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Soviet Conductor Vakhtang Jordania Dies at 62

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By Adam Bernstein
Washington Post Staff Writer
Thursday, October 6, 2005

Vakhtang Jordania, 62, a prominent Soviet conductor whose post-defection career in the United States never quite matched his early renown but who worked as a wide-roving freelancer, died Oct. 4 at his home in Broadway, Va., in the Shenandoah Valley. He had cancer.

Born in the Soviet Republic of Georgia, Mr. Jordania won the top prize at the 1971 Herbert von Karajan competition for young conductors in Berlin. Conductor Yevgeny Mravinsky chose him to be his assistant at the Leningrad Philharmonic Orchestra for three years, and other prestigious assignments followed as guest conductor with nearly all major orchestras in the Soviet Union and Eastern Europe.

Because of a Soviet rule that prohibited performances in the West, he left his family in 1983 to defect with his then-girlfriend, the ultra-chic violinist Viktoria Mullova. They won asylum in the United States.

The language barrier and adjustments to the U.S. musical community caused a bumpy transition, but Mr. Jordania said: "I didn't expect anyone would bring to me the Philadelphia Orchestra. I took it the right way. I didn't waste time."

He toured as a guest artist from England to South Korea before taking appointments as music director of the Chattanooga Symphony and Opera (1985 to 1992) and the Spokane, Wash., Symphony (1991 to 1993).

In Chattanooga, he was credited with enlivening the small orchestra with top-class visiting musicians, including violinist Itzhak Perlman and flutist Jean-Pierre Rampal. He also had a charismatic personal style (he was "sort of a Russian Sean Connery," a musician once said) that made him a local idol.

After Spokane, he settled in Virginia and started a busy freelance career that took him back to post-communist Russia. He recorded several well-received classical albums and was honored with a conducting competition named after him in Ukraine.

Mr. Jordania was born in Tbilisi, Georgia, on Dec. 9, 1942. A piano student from a young age, he decided on a conducting career at age 9 when he and his father attended a concert by American-born Italian conductor Willy Ferrero, once hailed as the boy genius of conducting.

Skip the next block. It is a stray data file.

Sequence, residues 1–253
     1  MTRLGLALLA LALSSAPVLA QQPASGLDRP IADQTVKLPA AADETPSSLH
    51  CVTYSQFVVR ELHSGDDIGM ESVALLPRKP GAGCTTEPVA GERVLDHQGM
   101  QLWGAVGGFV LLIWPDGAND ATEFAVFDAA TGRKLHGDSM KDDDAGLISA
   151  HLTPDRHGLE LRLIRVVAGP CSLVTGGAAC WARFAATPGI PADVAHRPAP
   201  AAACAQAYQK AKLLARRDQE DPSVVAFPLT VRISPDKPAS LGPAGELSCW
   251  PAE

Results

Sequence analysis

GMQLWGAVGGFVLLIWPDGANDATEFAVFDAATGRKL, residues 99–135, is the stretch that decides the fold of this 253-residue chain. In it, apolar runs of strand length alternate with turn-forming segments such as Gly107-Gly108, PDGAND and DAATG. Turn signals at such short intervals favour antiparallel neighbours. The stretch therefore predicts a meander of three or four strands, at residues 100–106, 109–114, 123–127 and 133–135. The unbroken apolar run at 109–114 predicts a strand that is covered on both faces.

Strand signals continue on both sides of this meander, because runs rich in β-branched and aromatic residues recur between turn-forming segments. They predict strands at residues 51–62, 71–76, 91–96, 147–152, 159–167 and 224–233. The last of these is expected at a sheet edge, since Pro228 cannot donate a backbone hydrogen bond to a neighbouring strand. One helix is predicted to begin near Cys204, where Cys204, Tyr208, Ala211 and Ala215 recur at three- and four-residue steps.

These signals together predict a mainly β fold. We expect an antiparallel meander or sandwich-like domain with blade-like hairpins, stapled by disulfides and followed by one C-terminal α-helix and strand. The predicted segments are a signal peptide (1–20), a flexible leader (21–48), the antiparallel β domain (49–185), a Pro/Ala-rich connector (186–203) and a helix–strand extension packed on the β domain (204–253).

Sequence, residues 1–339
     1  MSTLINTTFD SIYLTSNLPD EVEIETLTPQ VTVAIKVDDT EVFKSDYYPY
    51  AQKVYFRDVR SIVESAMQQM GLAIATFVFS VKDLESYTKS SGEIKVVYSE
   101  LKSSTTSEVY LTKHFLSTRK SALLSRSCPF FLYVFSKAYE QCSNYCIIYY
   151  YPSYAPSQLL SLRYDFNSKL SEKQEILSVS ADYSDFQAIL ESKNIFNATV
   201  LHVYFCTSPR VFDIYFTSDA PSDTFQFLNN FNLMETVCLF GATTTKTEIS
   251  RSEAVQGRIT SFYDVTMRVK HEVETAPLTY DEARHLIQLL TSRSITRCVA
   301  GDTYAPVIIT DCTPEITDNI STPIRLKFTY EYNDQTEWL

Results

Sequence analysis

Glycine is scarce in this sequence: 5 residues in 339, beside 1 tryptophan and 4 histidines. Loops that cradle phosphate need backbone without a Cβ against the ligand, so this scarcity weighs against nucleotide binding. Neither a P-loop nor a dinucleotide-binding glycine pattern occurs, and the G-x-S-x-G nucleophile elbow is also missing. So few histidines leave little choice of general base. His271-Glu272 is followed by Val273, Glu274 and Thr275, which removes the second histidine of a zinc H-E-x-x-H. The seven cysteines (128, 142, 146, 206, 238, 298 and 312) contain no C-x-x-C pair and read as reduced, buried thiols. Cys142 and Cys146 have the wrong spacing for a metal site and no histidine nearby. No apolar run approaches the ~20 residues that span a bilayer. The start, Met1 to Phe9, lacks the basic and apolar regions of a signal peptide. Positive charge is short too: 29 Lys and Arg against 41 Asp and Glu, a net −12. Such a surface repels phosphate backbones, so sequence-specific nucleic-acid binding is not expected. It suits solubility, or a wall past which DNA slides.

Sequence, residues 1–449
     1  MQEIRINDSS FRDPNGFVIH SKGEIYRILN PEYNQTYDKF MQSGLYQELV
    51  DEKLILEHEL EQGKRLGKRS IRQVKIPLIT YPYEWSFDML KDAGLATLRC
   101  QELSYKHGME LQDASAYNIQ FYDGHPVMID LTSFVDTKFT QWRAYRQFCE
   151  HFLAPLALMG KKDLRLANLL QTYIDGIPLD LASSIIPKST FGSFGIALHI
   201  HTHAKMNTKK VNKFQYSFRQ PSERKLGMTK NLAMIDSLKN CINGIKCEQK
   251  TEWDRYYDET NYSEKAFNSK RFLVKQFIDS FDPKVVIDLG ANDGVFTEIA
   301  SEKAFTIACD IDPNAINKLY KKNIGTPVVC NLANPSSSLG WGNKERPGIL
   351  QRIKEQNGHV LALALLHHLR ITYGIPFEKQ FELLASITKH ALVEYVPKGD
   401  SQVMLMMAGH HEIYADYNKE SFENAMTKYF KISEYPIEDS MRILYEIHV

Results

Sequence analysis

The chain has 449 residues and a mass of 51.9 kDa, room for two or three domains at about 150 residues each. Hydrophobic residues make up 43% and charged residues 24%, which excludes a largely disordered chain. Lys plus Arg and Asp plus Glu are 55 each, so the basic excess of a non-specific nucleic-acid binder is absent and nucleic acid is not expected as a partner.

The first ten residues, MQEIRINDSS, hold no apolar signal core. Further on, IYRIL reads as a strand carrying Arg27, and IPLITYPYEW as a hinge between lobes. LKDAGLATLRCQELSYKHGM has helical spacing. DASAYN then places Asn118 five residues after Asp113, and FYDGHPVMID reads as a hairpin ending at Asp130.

Mr. Jordania graduated from the Tbilisi Conservatory and studied symphonic and operatic conducting at the Leningrad Conservatory. During his Soviet career, he became conductor of the Kharkov Philharmonic Orchestra in the Ukraine. He was conducting 100 concerts a year by the early 1980s.

Though he lived in relative luxury, he bristled at the state ban on contact with his Western peers. Describing a prisonlike life, he said he was unable to obtain scores by contemporary U.S. composers, even the Russian-born Igor Stravinsky. He smuggled scores and tapes and listened to Voice of America broadcasts when possible.

He met Mullova when he was asked to prepare her in 1980 for the Jean Sibelius violin competition, which she won. They spoke increasingly of defecting, which for Mr. Jordania meant leaving his second wife and his children from his two marriages.

He and Mullova won KGB approval for a summer tour of Finland in 1983, with Mr. Jordania doing a rare turn on piano accompaniment. Mullova's regular accompanist had been refused permission to leave.

As she later told The Washington Post, she won accolades but he was drubbed as a pianist. She said she asked the KGB chaperone to leave them alone because Mr. Jordania was "very depressed" by the reviews. The pair then snuck out, took a taxi across the nearby Swedish border and flew to Stockholm.

They arrived on a Sunday, and the U.S. Embassy was closed. The next day was July 4, and the embassy was closed for the holiday. The city police told them to stay disguised in blonde wigs until the embassy opened.

That November, Mr. Jordania was engaged at Carnegie Hall conducting the American Symphony Orchestra, but he otherwise had to scramble for work, taking conducting jobs from Alabama to Australia. He received the job in Chattanooga after he impressed the conductor search committee with a performance of Aaron Copland's "Lincoln Portrait."

His marriages to Nana Askurava and Natalia Bondarchuk ended in divorce.

Survivors include his wife of 18 years, Kimberley Stebbins Jordania of Broadway; a son from his first marriage, Giorgi Jordania, an opera conductor in Tbilisi; a daughter from his second marriage, Nina Jordania of St. Petersburg; two children from his third marriage, Maria Jordania and Dmitri Jordania, both of Broadway; two brothers; and four grandchildren.


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